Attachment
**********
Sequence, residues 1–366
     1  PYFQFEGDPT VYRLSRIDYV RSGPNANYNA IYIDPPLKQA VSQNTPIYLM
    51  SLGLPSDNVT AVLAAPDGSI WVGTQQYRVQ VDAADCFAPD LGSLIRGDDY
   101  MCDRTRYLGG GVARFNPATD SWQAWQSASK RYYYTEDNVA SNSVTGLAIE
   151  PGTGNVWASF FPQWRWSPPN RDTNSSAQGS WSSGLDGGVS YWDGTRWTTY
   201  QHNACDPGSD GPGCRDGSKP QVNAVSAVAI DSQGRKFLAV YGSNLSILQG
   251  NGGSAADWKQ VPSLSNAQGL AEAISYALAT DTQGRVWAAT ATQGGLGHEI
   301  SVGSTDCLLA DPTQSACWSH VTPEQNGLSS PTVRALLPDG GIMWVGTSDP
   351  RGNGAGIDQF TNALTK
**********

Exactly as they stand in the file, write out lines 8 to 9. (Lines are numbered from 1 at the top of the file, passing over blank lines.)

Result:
   301  SVGSTDCLLA DPTQSACWSH VTPEQNGLSS PTVRALLPDG GIMWVGTSDP
   351  RGNGAGIDQF TNALTK